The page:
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of Bruges, he at the same time appreciated to the full his new life in that very different world in which he had previously been accustomed to exist.

"And which must inevitably alter the value of people as well as things. But you, my dear, have the unfortunate habit of inexplicably losing interest in your most intimate friends. When you do that, you simply cast them aside. You forget their whole existence. You would never, for instance, have thought of inviting those three men to the performance to-night. You would have been too careless to think of their pleasure, simply because you have not seen them for several months."

"We seem to be exactly the same," Lina told him scornfully.

"Let us not argue! For the love of Heaven let us not argue! Really, when one is tired one obtains little enough sympathy from you!"

"What about me? I am nearly always tired."

"Because you persistently overwork yourself," Rosing told her irritably.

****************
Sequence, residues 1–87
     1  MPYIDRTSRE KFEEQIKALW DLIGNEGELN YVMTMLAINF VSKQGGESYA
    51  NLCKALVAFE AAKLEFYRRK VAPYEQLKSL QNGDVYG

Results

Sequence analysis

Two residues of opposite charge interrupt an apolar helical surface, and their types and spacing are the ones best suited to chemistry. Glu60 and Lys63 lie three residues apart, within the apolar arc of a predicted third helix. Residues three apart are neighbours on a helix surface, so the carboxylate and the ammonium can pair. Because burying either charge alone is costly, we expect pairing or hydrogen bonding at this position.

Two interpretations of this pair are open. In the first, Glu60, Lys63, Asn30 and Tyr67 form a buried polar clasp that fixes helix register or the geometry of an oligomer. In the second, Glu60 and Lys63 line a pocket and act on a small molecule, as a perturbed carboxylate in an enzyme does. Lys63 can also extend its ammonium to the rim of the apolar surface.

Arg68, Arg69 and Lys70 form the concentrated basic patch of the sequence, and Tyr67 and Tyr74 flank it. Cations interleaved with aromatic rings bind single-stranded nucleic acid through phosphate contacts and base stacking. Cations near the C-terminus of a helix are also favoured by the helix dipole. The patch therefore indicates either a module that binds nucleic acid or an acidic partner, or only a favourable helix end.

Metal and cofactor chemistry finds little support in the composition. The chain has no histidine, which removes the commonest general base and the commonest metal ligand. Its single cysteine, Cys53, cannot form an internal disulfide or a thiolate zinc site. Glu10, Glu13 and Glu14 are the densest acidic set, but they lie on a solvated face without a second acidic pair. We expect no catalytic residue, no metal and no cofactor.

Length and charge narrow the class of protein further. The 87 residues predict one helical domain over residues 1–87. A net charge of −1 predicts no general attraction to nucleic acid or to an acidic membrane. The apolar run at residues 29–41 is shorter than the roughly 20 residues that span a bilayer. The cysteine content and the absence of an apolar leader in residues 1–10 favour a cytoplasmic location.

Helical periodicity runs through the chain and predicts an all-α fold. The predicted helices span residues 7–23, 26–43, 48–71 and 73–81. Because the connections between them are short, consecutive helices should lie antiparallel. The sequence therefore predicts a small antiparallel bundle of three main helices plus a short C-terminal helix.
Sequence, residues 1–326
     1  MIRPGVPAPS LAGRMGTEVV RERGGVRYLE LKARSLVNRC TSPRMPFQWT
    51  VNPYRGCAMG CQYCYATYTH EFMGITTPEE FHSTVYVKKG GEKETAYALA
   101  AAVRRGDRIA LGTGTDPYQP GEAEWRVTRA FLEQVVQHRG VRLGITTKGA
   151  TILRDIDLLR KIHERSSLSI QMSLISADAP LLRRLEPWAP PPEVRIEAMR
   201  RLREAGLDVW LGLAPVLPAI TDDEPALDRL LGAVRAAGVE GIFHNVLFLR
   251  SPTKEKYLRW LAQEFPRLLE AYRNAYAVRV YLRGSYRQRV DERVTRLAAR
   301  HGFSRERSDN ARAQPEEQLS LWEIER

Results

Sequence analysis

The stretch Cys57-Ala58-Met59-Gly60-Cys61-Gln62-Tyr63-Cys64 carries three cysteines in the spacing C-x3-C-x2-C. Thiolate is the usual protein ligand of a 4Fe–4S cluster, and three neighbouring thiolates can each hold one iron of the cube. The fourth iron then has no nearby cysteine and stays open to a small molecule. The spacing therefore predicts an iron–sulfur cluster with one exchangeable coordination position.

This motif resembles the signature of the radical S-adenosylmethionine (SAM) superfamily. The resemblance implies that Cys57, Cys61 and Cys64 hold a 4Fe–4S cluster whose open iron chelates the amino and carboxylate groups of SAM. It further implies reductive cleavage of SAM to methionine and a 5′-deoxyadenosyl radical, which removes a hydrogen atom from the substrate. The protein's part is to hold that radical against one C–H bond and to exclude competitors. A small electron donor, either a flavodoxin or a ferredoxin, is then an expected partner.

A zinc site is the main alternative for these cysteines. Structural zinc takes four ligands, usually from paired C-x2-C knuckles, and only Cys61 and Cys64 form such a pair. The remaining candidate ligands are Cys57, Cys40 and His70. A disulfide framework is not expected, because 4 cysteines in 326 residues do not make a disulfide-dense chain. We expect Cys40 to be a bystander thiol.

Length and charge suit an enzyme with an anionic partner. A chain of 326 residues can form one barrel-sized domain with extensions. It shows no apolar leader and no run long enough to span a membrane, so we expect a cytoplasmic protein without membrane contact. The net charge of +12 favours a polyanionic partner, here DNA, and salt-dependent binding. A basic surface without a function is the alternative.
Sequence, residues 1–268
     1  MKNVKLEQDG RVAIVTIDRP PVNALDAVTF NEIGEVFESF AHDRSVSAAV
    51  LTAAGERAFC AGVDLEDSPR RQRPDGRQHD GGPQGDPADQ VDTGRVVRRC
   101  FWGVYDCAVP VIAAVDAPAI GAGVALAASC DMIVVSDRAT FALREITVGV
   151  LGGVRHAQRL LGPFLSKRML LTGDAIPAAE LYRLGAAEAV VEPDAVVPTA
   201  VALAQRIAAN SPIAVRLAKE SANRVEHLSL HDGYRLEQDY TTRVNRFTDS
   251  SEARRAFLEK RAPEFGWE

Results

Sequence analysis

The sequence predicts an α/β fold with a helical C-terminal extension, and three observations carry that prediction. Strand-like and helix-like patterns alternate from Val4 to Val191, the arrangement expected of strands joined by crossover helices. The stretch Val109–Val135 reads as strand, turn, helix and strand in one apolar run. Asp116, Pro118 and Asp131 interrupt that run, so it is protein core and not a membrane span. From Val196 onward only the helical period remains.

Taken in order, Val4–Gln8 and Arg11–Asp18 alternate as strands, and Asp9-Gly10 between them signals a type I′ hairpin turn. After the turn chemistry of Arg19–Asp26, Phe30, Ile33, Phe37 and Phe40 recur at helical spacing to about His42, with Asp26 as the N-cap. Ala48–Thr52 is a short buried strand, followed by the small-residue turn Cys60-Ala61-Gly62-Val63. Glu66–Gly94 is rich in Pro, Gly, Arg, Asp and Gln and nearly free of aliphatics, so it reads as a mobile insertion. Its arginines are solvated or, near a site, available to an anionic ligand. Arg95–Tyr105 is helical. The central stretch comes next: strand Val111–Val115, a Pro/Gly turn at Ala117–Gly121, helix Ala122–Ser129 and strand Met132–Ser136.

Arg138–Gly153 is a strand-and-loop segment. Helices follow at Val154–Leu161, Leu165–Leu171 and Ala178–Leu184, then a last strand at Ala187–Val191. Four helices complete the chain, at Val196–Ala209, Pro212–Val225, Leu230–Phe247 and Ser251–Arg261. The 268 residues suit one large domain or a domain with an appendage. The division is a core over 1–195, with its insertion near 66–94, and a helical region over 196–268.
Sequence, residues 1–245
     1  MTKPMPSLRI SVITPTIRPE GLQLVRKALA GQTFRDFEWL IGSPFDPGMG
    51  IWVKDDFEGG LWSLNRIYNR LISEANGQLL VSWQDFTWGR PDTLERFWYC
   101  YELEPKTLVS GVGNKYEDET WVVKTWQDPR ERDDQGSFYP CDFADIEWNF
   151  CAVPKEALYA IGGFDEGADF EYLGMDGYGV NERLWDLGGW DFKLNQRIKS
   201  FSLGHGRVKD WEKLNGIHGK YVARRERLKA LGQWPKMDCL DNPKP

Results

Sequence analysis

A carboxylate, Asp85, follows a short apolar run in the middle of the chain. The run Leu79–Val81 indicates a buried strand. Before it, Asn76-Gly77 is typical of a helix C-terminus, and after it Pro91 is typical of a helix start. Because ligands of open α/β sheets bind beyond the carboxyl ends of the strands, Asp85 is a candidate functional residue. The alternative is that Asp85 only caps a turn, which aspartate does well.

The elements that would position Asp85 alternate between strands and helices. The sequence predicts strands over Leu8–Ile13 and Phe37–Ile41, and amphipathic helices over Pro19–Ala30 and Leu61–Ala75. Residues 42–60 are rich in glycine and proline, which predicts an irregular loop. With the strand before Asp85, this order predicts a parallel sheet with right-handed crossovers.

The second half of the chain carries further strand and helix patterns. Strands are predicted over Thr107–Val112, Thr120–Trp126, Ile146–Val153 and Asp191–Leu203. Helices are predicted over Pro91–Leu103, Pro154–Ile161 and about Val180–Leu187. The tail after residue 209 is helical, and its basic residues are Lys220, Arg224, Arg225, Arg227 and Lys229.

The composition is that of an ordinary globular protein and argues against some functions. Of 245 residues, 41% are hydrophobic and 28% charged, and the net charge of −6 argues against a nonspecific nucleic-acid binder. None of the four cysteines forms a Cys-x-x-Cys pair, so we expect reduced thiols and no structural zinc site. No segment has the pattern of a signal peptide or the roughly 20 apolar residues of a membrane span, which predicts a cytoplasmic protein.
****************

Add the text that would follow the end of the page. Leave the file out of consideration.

"You taught me to do that in the first place," Lina reminded him.

"Lina, I entreat you!"

Her delicate profile, framed in the yellow tulle of her new Parisian bonnet, reproached him for some moments with its very aloofness, its air of withdrawal from this displeasing contact enforced by the motion of the rocking carriage; presently, as usual, he said, impulsively:

"My dear, I am a quarrelsome old man and you are very tired . . . and to-night you were exquisite . . . give me your hand."

It was cold, her hand, and smaller than a child's. She asked wistfully:

"Was I really good to-night?"